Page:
Not for profit service EdibleScapes have been working hard with their volunteers to establish a wide variety of edible gardens in the first phase of their communal edible garden project. So far the gardens have produced culinary and medicinal herbs, vegetables, edible plants and fruit trees, with enough surplus to regularly donate to the Nerang Neighbourhood Centre’s Foodbank program.
The second phase of the project – The Edible Garden Promoters education program – is about to begin, and will equip volunteers with the knowledge and skills to grow food at home and then teach their neighbours to do the same.
We caught up with Head Gardener and Project Founder Jorge Cantellano for a quick chat ahead of the education program starting.
What was your inspiration for starting EdibleScapes gardens back in 2017?
Around 2016 I was engaged with the Riverkeepers Bushcare group at Nerang’s Country Paradise Parklands. I developed a design for a proposed Great Walk track with thematic stations through the Parkland and in doing consultation and review of the park’s original master plan I came across the concepts of ‘community orchard’, ‘interpretive food centre’ and ‘permaculture food forest’. I started educating myself about communal edible forest gardens and edible landscaping in open spaces.
Could you tell me a little bit about why it is important to initiate urban food solutions as a matter of urgency in our community?
We have all heard the worrying predictions of potential huge food insecurity in the near future as the global system starts to show symptoms of societal, economic and environmental crisis. However, that point has now come and crises are already upon us. In this precise pandemic occurrence, just as in the occurrence of natural catastrophes in Australia and the world as a result of human induced climate change, it is clear how fragile is the global food system.
With most of the population living in urbanised centres, is it evident a civic local response is needed to create resilient, healthy food systems in our urban spaces, both in our home and in our common areas. The city has water, organic waste, spaces, a warm micro-climate and under-utilised labour which can all be harnessed to grow food to cushion us from food insecurity.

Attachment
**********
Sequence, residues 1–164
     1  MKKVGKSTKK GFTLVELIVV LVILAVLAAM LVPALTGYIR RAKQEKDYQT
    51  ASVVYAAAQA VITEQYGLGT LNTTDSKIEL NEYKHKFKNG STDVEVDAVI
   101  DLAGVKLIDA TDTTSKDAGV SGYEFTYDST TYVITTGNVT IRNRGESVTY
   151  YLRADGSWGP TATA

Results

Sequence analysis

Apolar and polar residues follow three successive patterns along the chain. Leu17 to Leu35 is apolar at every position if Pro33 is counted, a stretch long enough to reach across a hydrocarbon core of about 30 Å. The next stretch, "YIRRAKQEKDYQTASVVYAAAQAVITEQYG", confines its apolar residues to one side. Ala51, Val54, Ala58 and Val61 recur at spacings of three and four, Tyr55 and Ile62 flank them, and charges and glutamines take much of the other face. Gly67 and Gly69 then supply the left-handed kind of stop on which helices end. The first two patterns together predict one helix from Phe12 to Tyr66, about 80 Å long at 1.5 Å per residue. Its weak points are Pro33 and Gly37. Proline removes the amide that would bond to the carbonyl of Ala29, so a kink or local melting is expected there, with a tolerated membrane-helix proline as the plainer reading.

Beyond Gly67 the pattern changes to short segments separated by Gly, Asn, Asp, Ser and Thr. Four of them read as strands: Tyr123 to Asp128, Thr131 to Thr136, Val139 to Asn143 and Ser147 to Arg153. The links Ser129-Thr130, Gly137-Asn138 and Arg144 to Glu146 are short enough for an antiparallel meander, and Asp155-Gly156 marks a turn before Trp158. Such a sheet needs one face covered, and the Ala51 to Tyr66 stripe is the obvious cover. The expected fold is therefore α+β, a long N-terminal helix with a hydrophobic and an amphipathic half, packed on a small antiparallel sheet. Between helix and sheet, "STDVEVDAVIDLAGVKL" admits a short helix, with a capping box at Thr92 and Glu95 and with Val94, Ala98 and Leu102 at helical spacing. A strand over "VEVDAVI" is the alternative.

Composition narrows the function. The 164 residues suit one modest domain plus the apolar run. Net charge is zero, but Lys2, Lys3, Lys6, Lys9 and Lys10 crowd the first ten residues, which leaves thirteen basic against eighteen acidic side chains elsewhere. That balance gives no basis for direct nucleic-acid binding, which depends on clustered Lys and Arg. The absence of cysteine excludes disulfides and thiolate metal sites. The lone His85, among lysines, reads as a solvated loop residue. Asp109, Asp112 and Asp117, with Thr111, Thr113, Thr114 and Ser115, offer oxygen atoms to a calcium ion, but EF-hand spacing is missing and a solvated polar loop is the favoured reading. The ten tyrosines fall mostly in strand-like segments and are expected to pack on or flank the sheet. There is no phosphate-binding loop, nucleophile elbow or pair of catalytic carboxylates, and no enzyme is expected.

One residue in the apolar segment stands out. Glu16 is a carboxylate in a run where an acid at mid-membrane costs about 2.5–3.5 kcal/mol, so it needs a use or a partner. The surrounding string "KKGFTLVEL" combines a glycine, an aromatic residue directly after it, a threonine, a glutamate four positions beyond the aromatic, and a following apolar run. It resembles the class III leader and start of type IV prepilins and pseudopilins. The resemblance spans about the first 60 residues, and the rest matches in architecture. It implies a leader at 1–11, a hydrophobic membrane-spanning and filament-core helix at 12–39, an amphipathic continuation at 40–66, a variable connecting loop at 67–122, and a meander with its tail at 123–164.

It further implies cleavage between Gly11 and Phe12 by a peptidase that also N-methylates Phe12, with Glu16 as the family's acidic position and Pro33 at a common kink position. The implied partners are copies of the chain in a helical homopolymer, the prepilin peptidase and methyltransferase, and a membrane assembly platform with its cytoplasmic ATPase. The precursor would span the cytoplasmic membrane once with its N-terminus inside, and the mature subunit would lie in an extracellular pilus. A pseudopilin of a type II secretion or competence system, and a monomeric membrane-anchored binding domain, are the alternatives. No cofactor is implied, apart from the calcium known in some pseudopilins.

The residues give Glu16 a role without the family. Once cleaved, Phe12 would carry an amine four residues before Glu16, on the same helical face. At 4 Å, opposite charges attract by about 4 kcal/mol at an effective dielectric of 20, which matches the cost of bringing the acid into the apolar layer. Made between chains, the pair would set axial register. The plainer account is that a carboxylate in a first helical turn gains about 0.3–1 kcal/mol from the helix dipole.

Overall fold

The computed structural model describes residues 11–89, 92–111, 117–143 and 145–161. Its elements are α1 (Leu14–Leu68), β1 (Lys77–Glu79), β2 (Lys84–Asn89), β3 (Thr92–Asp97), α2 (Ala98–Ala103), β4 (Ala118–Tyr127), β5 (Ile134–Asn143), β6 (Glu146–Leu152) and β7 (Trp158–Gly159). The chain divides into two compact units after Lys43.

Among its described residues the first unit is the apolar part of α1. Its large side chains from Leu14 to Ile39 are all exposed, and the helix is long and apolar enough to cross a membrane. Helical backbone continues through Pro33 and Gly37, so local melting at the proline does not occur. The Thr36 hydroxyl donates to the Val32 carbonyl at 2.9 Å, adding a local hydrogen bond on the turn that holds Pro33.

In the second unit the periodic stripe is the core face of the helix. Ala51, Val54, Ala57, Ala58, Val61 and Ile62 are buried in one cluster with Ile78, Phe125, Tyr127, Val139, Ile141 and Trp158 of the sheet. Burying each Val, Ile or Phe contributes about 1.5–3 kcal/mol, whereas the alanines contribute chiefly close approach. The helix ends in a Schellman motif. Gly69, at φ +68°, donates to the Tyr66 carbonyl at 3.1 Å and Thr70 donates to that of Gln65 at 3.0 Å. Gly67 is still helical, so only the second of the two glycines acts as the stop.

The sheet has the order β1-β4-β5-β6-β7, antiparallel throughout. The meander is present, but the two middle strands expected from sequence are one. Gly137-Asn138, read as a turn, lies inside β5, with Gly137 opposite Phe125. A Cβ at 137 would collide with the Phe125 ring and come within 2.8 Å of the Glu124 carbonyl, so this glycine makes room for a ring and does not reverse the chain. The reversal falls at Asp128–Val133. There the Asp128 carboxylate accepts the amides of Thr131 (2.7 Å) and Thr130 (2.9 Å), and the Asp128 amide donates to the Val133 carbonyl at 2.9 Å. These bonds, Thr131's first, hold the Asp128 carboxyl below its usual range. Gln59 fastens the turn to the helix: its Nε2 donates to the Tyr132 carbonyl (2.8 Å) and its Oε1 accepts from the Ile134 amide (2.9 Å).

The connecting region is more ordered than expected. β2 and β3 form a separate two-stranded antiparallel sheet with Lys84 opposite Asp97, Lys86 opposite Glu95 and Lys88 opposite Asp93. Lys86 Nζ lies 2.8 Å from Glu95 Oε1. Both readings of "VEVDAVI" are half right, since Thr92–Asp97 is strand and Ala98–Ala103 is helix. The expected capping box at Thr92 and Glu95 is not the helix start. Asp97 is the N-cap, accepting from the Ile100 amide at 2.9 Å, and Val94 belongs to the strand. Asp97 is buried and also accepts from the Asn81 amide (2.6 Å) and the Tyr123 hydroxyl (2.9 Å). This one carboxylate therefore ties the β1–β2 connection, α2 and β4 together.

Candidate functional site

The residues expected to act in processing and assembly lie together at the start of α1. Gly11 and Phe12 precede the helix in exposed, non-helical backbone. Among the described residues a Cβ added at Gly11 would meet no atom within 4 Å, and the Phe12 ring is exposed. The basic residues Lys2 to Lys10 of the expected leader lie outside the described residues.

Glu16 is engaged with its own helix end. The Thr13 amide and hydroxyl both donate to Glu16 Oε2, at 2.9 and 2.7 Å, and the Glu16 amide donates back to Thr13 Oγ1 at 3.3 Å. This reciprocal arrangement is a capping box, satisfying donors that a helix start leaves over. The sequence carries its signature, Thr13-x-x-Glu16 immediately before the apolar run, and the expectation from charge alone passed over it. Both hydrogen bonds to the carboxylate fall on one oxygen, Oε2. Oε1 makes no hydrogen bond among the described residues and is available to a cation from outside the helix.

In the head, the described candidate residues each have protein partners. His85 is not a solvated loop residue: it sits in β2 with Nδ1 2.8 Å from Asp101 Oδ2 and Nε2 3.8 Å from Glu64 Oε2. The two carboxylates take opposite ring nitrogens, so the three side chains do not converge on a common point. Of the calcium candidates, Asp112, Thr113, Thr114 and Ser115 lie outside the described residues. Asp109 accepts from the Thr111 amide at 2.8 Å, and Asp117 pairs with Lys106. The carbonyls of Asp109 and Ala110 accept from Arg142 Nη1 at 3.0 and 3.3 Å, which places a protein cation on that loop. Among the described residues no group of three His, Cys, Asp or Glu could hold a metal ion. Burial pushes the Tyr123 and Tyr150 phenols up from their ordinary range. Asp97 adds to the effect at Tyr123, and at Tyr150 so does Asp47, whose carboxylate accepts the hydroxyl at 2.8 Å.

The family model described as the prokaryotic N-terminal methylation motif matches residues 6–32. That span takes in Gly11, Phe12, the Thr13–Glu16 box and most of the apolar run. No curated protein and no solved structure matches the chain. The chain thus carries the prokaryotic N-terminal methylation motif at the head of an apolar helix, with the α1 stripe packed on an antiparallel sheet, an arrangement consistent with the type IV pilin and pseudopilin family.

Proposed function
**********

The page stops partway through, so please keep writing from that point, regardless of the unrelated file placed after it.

How is the EdibleScapes garden model different to a community gardens model?
The community gardens model is good to develop social food knowledge, however it is not a social impact solution due to the space limitations of plots that are normally shared by several club members for their own consumption. An intensively grown garden of 100 square metres is adequate to feed just one family of five annually.
Therefore, EdibleScapes is a model of a different kind of community food initiative and promotes urban agroecology.
Could you tell me a bit about why sustainable and regenerative food practices are so important?
Apart from the huge environmental impacts of toxic agribusiness, there are human health costs reflected in the numbers of illness associated with food – forms of cancer, diabetes, immunodeficiency disorders and allergies, not to mention behavioural and mental health impacts among others.
Unfortunately organic, regenerative and sustainable methods have been misappropriated by agribusiness which relies on importing industrial “organic” foods and continuing operate with little respect to fair trade and labour justice. This makes the organic food an exclusive and profitable market for them.
In response to these issues, farmers and farm workers, small family farmers, urban food growers and consumers together are building agroecology food sovereignty alternatives that exist in harmony with living ecosystems and human communities.
Is there anything you are looking for particularly in volunteers for the Edible Gardens Promoters Program or is everyone welcome?
We are looking for volunteers who can spare 15 hours per week over 6 months for the program. The training involves knowledge interchange and discussion, practical learning in the EdibleScapes Gardens and an individual practical assessment in the volunteer’s own home garden. We want volunteers who are willing to develop an edible garden at home, which can then become a demonstration garden for their neighbourhood.
EdibleScapes welcomes new casual volunteers at all times and anyone who would like to support the training program or simply work in the garden from time to time is welcome.
Our vision is to open many demonstration gardens within our communities where the connective spirit of neighbourhood community gathering.
For more information about the Edible Garden Promoters education program, you can head along to an information session at EdibleScapes Gardens, 74 Billabirra Crescent Nerang on Saturday June 13 from 8.30am – 11.30am.
Head over to fb.com/n.ediblescapes to reserve your spot.